Classical Reissue Reviews

WAGNER: Fantasies for 8 Horns = 8 Bayreuther Festspiel-Hornisten (Gerd Seifert/ Klaus Markowski/ Jan Schroeder/ Manfred Klier/ Siegfried Machata/ Barry Garbage/ Klaus Schneider/Günter Fritzsche) – Acanta

A reissue from 1983; unusual sound of eight French horns!

Published on December 30, 2013

WAGNER: Fantasies for 8 Horns = 8 Bayreuther Festspiel-Hornisten (Gerd Seifert/ Klaus Markowski/ Jan Schroeder/ Manfred Klier/ Siegfried Machata/ Barry Garbage/ Klaus Schneider/Günter Fritzsche) – Acanta

WAGNER: Fantasies for 8 Horns = 8 Bayreuther Festspiel-Hornisten (Gerd Seifert/ Klaus Markowski/ Jan Schroeder/ Manfred Klier/ Siegfried Machata/ Barry Garbage/ Klaus Schneider/Günter Fritzsche) – Acanta 233597, 64:23  [11/13/12] [Distr. by Naxos] ***:

Recorded in 1983, this quartet of fantasies for eight French horns created by Karl Stiegler and Manfred Klier on a quartet of iconic Wagner operas – Lohengrin, Rheingold, Siegfried and Tristan und Isolde – epitomized the weirder aspects of the long defunct Acanta label.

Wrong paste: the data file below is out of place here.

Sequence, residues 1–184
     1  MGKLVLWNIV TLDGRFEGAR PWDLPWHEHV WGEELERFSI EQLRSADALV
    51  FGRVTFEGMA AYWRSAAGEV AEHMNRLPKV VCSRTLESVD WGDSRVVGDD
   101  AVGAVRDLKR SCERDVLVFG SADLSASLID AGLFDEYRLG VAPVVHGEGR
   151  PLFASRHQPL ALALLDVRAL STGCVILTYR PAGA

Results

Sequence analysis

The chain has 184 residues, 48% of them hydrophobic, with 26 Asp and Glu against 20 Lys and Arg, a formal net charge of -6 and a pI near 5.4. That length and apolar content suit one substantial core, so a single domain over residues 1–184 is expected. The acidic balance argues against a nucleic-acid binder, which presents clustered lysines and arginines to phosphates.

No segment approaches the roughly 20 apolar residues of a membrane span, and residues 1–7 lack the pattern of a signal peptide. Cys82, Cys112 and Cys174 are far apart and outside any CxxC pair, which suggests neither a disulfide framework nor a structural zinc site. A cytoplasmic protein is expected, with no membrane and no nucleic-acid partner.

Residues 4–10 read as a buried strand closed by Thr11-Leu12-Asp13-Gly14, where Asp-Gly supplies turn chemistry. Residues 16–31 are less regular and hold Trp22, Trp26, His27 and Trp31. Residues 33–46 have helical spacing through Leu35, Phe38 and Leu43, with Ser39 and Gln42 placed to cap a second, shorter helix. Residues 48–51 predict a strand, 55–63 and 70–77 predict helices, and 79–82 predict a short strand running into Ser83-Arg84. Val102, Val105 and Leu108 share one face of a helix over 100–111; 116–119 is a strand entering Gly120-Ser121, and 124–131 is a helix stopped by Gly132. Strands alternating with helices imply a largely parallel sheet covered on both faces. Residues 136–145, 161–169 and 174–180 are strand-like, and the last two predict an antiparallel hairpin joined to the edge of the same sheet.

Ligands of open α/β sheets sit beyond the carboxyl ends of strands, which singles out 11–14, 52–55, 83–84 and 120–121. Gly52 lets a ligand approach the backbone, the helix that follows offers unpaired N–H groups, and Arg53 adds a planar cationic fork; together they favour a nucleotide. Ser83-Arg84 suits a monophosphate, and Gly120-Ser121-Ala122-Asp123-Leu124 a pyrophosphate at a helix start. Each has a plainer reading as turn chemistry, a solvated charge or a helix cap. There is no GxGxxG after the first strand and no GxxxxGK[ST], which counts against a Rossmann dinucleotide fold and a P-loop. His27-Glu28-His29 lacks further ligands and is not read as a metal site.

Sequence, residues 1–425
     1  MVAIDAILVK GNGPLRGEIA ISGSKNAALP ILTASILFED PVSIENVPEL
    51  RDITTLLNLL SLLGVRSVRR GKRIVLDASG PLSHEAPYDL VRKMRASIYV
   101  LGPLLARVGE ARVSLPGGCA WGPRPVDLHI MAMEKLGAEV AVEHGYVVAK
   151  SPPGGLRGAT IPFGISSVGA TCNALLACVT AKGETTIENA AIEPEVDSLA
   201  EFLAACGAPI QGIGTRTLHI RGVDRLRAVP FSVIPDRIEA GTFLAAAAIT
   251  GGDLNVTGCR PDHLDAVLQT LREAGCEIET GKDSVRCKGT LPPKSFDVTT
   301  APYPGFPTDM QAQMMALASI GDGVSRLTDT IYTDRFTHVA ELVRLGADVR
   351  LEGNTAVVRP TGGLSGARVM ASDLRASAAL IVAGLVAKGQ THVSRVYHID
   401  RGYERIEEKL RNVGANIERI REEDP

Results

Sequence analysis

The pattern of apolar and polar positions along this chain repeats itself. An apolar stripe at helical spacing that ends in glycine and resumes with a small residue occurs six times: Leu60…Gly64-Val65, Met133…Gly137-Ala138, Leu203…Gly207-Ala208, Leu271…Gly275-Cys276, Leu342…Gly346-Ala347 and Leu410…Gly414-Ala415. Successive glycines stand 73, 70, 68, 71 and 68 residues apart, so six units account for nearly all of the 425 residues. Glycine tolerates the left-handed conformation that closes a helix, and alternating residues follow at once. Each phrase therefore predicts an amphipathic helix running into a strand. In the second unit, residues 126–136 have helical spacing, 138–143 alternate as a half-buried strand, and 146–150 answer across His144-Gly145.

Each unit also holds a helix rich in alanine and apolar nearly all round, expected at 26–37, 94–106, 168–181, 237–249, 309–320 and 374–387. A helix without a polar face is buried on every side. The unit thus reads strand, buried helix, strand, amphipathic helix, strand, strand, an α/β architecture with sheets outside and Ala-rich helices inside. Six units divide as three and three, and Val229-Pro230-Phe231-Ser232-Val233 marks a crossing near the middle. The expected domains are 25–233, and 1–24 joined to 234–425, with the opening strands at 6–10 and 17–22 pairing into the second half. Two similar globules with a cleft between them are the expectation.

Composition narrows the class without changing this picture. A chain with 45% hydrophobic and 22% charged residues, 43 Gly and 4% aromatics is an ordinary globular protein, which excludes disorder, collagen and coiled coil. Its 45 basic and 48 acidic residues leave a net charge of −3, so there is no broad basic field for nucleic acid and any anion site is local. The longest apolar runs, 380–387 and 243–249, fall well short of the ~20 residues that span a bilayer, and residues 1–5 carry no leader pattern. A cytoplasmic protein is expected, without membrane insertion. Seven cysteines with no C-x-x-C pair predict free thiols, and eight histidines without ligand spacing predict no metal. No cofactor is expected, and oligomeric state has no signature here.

The result is alternatively radiant, beautiful and sublime alternating with occasionally unsettling martial shots across the bow – nothing that’s not in the music, of course; the 20-minute Rheingold fantasy, for example, starts with the Rhine maidens and ends with more than seven minutes of the rainbow bridge (although the eight horn players avoid dealing with the anvil strike for which I have docked them one star).

There is no doubt that the horn players of the Bayreuth Festival Orchestra were a splendid lot; 30 years ago they were being led by Gerd Seiffert longtime principal under Karajan in Berlin. They played at the memorial concert given each year at Wagner’s grave to mark the opening of the Festival. In fact, they fancied themselves a romantic ensemble with widespread crossover appeal like the 12 Cellists of the Berlin Philharmonic Orchestra; but while all-cello bands continue to flourish, the Bayreuth boys seem to have disappeared.

The sound takes a lot of volume and would be great for trying out a new system; recorded in an unnamed place, it sounds remarkably natural and magnificent when it is not being entirely silly.

—Laurence Vittes




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